The most striking thing about Matt LeBlanc’s new CBS sitcom, “Man with a Plan,” is how thoroughly disposable it is.
That’s not to say it’s outright bad, just that it’s shockingly irrelevant. In a TV season that’s seen “Better Things,” “Insecure,” and “The Good Place,” among others, stretch the limits of traditional sitcoms, “Man with a Plan” stretches nothing. Aside from a few needless lewd references, it could have come out 20, 30 even 40 years ago.
Ah, but that’s called classic, and it’s no coincidence that LeBlanc’s fellow “Friends” alum, Matthew Perry, is starring in a reworked “Odd Couple” on the same network. Now that “The Good Wife” is gone, CBS is returning to the ’70s, where its mostly older audience no doubt feels comfortable.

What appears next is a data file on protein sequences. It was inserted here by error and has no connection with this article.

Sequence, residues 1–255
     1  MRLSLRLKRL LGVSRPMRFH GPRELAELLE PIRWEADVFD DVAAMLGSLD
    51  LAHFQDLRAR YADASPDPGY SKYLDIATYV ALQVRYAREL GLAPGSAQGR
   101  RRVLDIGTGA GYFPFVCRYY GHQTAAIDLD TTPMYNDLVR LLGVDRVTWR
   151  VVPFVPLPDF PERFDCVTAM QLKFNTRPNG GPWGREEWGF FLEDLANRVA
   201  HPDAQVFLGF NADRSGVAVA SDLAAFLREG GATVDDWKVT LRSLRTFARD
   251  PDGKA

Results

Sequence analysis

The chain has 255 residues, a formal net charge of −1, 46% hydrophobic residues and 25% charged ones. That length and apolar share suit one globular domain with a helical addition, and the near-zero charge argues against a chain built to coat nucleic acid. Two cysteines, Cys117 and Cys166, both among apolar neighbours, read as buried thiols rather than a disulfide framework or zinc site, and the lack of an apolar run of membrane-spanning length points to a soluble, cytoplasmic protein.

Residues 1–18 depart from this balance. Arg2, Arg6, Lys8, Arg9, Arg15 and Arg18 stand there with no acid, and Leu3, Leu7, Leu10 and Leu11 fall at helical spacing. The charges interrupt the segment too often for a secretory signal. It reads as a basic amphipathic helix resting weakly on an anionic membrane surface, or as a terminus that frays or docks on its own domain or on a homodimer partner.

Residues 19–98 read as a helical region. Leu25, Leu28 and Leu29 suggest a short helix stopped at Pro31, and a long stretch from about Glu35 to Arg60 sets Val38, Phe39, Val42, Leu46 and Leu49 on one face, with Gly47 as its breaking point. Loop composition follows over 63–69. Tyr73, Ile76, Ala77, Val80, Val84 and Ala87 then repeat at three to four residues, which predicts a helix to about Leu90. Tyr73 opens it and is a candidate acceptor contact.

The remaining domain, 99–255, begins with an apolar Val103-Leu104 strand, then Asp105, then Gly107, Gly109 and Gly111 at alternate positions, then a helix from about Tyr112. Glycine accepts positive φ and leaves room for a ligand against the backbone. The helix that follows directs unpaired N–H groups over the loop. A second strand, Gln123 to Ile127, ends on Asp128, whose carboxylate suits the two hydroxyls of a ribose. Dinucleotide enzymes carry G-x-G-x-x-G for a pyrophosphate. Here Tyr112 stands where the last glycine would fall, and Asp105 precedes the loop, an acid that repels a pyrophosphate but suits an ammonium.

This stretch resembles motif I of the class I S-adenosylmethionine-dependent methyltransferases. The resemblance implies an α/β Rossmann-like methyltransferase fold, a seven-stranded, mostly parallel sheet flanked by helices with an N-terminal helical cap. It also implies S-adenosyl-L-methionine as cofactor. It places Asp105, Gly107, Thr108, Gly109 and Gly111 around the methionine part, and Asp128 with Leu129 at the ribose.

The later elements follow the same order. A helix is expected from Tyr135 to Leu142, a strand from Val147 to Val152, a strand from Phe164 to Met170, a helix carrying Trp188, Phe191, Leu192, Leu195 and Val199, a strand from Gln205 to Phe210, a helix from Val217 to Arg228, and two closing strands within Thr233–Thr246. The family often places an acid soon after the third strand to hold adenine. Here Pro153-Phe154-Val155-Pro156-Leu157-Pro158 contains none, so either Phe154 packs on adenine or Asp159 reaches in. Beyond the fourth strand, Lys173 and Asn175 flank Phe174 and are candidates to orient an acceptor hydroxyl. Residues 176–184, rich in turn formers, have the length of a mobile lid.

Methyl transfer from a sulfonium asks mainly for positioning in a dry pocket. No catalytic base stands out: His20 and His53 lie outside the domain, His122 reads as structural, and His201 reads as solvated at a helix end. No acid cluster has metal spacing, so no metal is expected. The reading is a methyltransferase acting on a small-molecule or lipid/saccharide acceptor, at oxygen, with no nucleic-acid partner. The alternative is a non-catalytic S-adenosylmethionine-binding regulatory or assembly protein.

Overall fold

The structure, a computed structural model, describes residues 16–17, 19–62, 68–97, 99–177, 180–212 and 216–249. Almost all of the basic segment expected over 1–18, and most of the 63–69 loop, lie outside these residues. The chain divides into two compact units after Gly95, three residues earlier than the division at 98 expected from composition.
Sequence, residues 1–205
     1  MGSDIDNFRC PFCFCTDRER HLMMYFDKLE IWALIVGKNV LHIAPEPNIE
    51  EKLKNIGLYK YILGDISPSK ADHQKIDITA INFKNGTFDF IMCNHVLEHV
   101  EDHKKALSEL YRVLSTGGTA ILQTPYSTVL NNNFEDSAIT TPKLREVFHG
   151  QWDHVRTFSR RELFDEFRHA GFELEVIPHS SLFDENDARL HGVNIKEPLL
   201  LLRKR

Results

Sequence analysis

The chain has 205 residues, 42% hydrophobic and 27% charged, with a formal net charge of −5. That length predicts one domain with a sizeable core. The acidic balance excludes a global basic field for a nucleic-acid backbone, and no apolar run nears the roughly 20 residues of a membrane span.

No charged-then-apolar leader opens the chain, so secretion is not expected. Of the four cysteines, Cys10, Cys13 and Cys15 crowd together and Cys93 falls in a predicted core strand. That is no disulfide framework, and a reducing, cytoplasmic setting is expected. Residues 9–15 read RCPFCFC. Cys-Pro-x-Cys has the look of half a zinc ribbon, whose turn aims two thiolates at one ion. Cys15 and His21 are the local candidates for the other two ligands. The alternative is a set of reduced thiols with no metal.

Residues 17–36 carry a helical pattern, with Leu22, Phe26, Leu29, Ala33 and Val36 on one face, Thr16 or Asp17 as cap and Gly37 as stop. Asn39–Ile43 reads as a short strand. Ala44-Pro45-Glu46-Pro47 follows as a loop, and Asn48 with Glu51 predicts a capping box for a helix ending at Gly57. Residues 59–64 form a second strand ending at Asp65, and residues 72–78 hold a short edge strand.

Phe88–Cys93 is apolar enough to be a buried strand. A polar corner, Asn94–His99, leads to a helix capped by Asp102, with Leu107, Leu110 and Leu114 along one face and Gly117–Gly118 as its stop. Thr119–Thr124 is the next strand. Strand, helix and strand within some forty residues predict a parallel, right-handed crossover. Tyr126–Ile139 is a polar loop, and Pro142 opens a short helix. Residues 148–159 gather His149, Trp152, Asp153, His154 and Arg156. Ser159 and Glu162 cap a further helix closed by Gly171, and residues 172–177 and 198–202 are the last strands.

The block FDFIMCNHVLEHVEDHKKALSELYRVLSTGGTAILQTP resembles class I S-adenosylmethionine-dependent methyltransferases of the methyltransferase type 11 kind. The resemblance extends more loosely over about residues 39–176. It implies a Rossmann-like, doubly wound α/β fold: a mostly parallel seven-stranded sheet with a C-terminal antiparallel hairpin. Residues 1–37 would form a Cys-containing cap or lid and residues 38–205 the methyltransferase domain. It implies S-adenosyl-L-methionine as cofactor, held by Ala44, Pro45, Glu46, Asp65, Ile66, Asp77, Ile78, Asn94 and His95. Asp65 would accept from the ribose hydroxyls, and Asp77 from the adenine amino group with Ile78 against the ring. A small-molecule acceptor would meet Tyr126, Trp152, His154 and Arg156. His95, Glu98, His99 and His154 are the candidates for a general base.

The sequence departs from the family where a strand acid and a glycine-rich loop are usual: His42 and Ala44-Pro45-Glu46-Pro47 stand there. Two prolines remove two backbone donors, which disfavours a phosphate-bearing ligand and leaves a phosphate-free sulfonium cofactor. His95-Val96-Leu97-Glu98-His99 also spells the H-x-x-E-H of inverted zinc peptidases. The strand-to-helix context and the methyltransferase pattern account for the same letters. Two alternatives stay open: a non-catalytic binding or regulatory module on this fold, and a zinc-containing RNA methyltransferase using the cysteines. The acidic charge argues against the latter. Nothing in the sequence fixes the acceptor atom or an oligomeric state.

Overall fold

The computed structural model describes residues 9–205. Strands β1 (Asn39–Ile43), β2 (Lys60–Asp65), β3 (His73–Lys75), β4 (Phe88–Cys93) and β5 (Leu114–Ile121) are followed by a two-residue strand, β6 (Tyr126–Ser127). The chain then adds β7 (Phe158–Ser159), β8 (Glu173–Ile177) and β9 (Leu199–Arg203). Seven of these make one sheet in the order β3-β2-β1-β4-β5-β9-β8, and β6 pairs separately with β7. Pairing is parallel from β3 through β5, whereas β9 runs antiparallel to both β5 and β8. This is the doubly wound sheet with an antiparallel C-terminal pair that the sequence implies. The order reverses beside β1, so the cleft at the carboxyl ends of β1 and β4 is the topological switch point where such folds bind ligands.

LeBlanc, now gone gray, plays Adam, a contractor destined to take on more parenting duties as his wife, Andi (Liza Snyder), returns to work after years as a stay-at-home mom. That’s it, the whole premise. Each week Adam has to come up with ways to cope with the small indignities and disruptions that occur when you have three kids in the classic girl-boy-girl spaced about three years apart lineup. Cue the juice box jokes.
Given how lame this all is, LeBlanc is still LeBlanc and Adam could just be a grown up Joey (not that Joey wasn’t pretty grown up by the end of “Friends”). He’s not the brightest guy, but he’s sincere, and LeBlanc’s sense of comic timing is as good as ever. He does sincerely befuddled as well as sincerely befuddled has ever been done.
“Man with a Plan” just makes you wish he’d take his sincere befuddlement elsewhere, someplace that mattered. Simply put, Matt LeBlanc is too good to be this irrelevant.
Tom Long is a longtime culture critic.
‘Man with a Plan’
8:30 p.m. Mondays